Update, Nov. 7: In a second case, on Thursday, Judge Stanley A. Bastian of the U.S. District Court for the Eastern District of Washington has vacated the “conscience rule,” Washington state Attorney General Bob Ferguson has announced.

A judge on Wednesday blocked a federal rule that would have allowed individual healthcare workers as well as healthcare organizations to decline to provide care that conflicted with their religious and moral beliefs or mission.

The “conscience rule” had been set to go into effect Nov. 22.

In a 147-page opinion and order, U.S. District Judge Paul A. Engelmayer of the Southern District of New York vacated the rule entirely, saying it was unconstitutional.

The Department of Health and Human Services, he said, exceeded its authority and “acted arbitrarily and capriciously” in publishing it. The department’s violations of federal law were “numerous, fundamental and far-reaching,” Engelmayer wrote.

The rule, the judge said, would have imposed “ambiguous and retroactive conditions” on the states and would have been “impermissibly coercive” given that the government potentially could have withheld hundreds of billions of dollars in funding that “enables a wide range of essential healthcare programs, including ones on which vulnerable residents rely.”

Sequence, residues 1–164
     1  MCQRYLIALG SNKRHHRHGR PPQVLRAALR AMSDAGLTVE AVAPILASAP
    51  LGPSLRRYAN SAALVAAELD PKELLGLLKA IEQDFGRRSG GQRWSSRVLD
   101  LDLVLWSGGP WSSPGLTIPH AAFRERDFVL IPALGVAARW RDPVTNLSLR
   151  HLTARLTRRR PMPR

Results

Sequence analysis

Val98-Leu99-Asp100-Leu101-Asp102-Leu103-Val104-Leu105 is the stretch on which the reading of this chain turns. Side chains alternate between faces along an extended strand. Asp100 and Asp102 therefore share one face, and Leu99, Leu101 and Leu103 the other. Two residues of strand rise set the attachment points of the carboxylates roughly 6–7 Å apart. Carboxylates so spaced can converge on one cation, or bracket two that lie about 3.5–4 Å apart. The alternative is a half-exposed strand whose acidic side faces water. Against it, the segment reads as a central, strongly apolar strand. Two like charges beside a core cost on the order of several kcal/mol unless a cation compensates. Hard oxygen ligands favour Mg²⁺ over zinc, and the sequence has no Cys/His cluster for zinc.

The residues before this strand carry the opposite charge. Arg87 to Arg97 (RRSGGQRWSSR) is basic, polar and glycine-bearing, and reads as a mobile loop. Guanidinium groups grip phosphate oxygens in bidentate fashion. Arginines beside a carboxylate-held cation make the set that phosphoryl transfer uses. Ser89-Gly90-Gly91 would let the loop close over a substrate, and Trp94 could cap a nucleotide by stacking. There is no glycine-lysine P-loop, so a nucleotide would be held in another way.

Additionally, he said, “HHS’s stated justification for undertaking rulemaking in the first place — a purported ‘significant increase’ in civilian complaints relating to the Conscience Provisions — was factually untrue.”

Among providers that could have been affected by the rule were assisted living communities that accept payments from Medicaid, because the federal government could have withheld funds to organizations deemed not to be in compliance. Skilled nursing facilities and other long-term care facilities accepting federal funding also could have been affected.

The final rule made several references to abortion but also referred to advance directives, “assisted suicide, euthanasia, or mercy killing,” “compulsory healthcare or services generally, and under specific programs for hearing screening, occupational illness testing; vaccination and mental health treatment” as well as “certain requirements under Medicare and Medicaid that may burden their exercise of their religious beliefs regarding medical treatment.” Elder advocacy group SAGE also noted that some feared that the rule could make it easier to discriminate against LGBTQ individuals.

The ruling came in response to three consolidated lawsuits, one of which had been filed by 19 states, the District of Columbia and three local governments.

New York Attorney General Letitia James, who led plaintiff efforts related to that lawsuit, in a statement Wednesday said: “Healthcare is a basic right that should never be subject to political games. …We will continue to use every tool at our disposal to protect access to healthcare and protect the rights of all individuals.”

Federal officials said in a statement that HHS and the Department of Justice were reviewing the decision and would not comment on pending litigation.

The judge left the door open for HHS to issue a new rule.

“The Conscience Provisions recognize and protect undeniably important rights,” he wrote. “The Court’s decision today leaves HHS at liberty to consider and promulgate rules governing these provisions. In the future, however, the agency must do so within the confines of the APA [Administrative Procedure Act] and the Constitution.”

See previous coverage related to the rule under “Related Articles,” below.

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